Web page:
DECEMBER 23, 2013
JUST SIX MONTHS after Johnny Cash released At Folsom Prison in May 1968, he followed it up with The Holy Land. Documenting an early-morning concert in January 1968, the former has a well-earned reputation as one of the greatest live albums ever recorded: a collection of intense and raucously performed songs examining sin and temptation, freedom and confinement, hope and despair — all enlivened by an audience who knew each of those experiences personally. Cracking jokes and roaring through his songs, Cash wanted to show the inmates that he’s at least trying to see the world through their eyes.
Folsom rescued Cash, who had struggled creatively and commercially through most of the 1960s. Notorious for his amphetamine habit and his romantic distress, he had coasted for years on early hits like “Ring of Fire” and “I Walk the Line,” but had been unable to replicate their lyrical directness or their chart success. But Folsom spent nearly two years on the country charts, transforming him from a troubled troubadour into something like a national icon. Cash emerged rejuvenated and refocused, as though finally aware that he had always been one pill or one missed show away from joining the inmates.
By stark contrast, The Holy Land chronicled Cash’s trip to the Middle East, where he recorded his thoughts and musings on the life of Christ and later interspersed them with spiritual tunes both new and old. With its air of exaggerated reverence and its gimmicky lenticular cover, the album is a curio in his immense catalog: part amateur theological survey, part celebrity travelogue, with only “Daddy Sang Bass” appearing on later hits compilations and career retrospectives. In 1968, it marked a complete about-face, and 45 years later the two works could not be more disparate. One is considered a classic: a monumental achievement that obliterates the distinctions between rock and country. The other is a kitschy artifact disdained or ignored by even Cash’s hardcore fans.
In his epic new biography, Johnny Cash: The Life, former Los Angeles Times music editor Robert Hilburn explores both sides of his subject and how they were in constant conflict with one another. “When Cash sat down for his annual New Year’s Eve reflections, he was too close to the situation to appreciate fully that he had just finished one of the most remarkable years in pop history,” Hilburn writes. “Country music is filled with tales of Saturday night sin and Sunday morning salvation, but no country artist had ever addressed the subject so forcefully in back-to-back packages.”
Both Folsom and The Holy Land were passion projects for Cash, and both show the extremes of his persona. Here was a man who could ingest handfuls of pills and bed women who were not his wife (June Carter only one among several), yet could still sing a gospel song with utmost conviction. He yearned for salvation out of both personal spiritual need and his perceived social responsibility as a country musician, yet he continued for decades to wallow in sin. There was significance to his struggle, which allowed fans to identify personally with him as a flawed human being and prevented him from preaching down to his audience. Even as he fought mightily and often futilely against temptation, he came to represent larger American ideals, most characteristically musical authenticity, social empathy, and spiritual striving. These seemingly oppositional urges toward damnation and salvation continue to animate the Cash legend even a decade after his death, bisecting him neatly into two figures. The man himself was a deeply fallible human being, while the Man in Black has grown into an American tall tale similar to Paul Bunyan or John Henry.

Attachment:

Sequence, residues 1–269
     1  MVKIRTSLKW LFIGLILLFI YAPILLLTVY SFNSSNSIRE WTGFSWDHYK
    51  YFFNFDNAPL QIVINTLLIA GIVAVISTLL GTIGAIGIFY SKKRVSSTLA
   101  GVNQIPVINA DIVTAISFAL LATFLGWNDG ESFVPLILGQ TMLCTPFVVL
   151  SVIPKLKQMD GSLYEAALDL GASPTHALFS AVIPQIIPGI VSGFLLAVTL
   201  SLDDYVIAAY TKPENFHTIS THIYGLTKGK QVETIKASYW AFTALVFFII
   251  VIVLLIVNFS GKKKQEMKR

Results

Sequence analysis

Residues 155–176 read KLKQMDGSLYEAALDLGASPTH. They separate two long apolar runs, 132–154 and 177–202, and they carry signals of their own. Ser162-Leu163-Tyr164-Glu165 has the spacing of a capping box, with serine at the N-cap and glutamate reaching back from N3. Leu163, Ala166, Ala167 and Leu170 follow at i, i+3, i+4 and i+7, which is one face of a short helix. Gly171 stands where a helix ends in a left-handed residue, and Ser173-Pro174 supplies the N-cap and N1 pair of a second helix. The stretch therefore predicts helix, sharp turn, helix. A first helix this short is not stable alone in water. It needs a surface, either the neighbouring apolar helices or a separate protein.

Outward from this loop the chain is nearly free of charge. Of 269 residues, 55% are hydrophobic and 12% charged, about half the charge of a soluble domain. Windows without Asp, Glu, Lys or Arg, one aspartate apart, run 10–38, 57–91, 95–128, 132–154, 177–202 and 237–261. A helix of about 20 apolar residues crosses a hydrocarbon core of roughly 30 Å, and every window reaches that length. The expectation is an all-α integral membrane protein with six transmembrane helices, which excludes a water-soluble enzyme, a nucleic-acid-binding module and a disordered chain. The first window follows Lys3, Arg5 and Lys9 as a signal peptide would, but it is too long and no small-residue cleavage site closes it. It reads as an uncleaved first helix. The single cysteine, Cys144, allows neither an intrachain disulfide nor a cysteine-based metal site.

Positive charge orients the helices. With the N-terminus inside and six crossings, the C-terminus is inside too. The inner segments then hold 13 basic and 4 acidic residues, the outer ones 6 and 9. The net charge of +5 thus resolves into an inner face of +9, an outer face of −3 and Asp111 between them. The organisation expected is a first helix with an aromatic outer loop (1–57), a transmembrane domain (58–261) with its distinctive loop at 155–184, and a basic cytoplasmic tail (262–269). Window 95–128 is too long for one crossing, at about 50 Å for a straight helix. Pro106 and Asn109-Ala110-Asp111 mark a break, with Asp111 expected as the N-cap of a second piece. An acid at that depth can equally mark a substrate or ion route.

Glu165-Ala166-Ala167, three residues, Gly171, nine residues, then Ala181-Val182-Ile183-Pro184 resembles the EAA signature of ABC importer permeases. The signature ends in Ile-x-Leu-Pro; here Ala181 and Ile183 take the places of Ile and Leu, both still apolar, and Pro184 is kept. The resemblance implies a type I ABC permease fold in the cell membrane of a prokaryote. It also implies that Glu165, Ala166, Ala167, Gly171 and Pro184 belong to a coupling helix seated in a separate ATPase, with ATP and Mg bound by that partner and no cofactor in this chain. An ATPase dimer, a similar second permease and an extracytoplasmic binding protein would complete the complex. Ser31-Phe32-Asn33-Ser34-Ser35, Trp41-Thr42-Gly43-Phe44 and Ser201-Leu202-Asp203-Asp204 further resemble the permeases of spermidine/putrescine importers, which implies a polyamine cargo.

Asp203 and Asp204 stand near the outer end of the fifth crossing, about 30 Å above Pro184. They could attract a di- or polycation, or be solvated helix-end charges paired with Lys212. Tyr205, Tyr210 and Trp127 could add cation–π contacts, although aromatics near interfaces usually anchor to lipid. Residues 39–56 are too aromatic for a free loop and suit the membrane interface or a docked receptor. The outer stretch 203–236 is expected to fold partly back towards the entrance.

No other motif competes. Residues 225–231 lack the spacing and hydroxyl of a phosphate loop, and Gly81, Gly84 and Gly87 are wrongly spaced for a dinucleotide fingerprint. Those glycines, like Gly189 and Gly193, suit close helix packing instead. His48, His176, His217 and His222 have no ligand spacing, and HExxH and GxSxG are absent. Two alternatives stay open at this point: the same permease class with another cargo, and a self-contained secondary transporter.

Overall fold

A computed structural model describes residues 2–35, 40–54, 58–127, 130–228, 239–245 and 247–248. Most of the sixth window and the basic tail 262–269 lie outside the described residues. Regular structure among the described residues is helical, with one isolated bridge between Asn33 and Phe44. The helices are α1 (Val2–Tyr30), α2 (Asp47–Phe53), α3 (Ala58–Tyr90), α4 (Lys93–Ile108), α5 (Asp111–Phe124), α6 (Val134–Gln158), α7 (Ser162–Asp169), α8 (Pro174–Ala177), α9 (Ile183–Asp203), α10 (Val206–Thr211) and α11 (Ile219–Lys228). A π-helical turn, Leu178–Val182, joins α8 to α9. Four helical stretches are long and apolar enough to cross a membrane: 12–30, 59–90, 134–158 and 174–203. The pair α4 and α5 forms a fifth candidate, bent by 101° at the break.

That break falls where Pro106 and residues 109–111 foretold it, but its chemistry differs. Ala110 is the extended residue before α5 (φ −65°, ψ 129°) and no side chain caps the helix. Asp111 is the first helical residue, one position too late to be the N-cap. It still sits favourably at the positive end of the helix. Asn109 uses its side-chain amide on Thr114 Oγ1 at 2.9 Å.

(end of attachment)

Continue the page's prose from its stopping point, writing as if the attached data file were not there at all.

Anyone attempting to discuss Cash in any context — whether it’s a critical examination of his catalog or a summation of his life — must address these two roles and their inherent contradictions. Hilburn is less interested in the mythology than in the man who constructed it, and Johnny Cash is all the more fascinating, refreshing, and revelatory for that approach. The arc of Cash’s life is so long and varied, opening in rural Arkansas before traversing the globe many times and ranging from upstart musician on Sun Records to aging icon on American Recordings. It’s a rich story full of triumphs and failures, fadeouts and comebacks, yet it can be intimidating in both its length and its familiarity. Somehow Hilburn manages to fit the story into 700 pages without sacrificing detail, nuance, or character. Even more impressive is his ability to make these events new and revealing even after so many books and films and documentaries about the subject. Cash may be one of the most studied figures in American music, but Johnny Cash still finds new material and new approaches.
Most of Cash’s life is well known: he wrote two memoirs himself, one of which (1973’s Man in Black) is still considered a benchmark, and nearly everyone in his camp — his first wife Vivian Liberto Cash, his second wife June Carter Cash, several of his children, his bass player Marshall Grant — has published an account of life with Cash. Hilburn aspires to be definitive, as the definite article in the subtitle suggests, and he has written what may be the best and most probing book on the man. Johnny Cash is a thorough account of its subject’s many sins and eventual redemption, which means the book is often harrowing. It will certainly alter your image of Cash, who emerges first as an insecure boy, transforms into an overeager young man, then curdles into an entitled junkie before settling into his role as a musical icon.
Hilburn’s Cash is a fascinating character, alternately sympathetic and loathsome, his impulsiveness stemming from both the privileges of touring life as well as its void of accountability and security. Tracing a clean throughline from each low or high point to the next, Hilburn does not flinch from portraying his subject in a deeply unflattering light. One scene stands out for revealing Cash’s easy cruelty: when he played a big show at the Hollywood Bowl, his first wife, Vivian, brought their young daughters to see their father in action. Afterwards, he snubbed her in the parking lot and jumped in a car with his mistress, June. Accounts of the incident vary, but the result is the same in each telling: “Vivian was humiliated and [Cash’s] parents were furious.”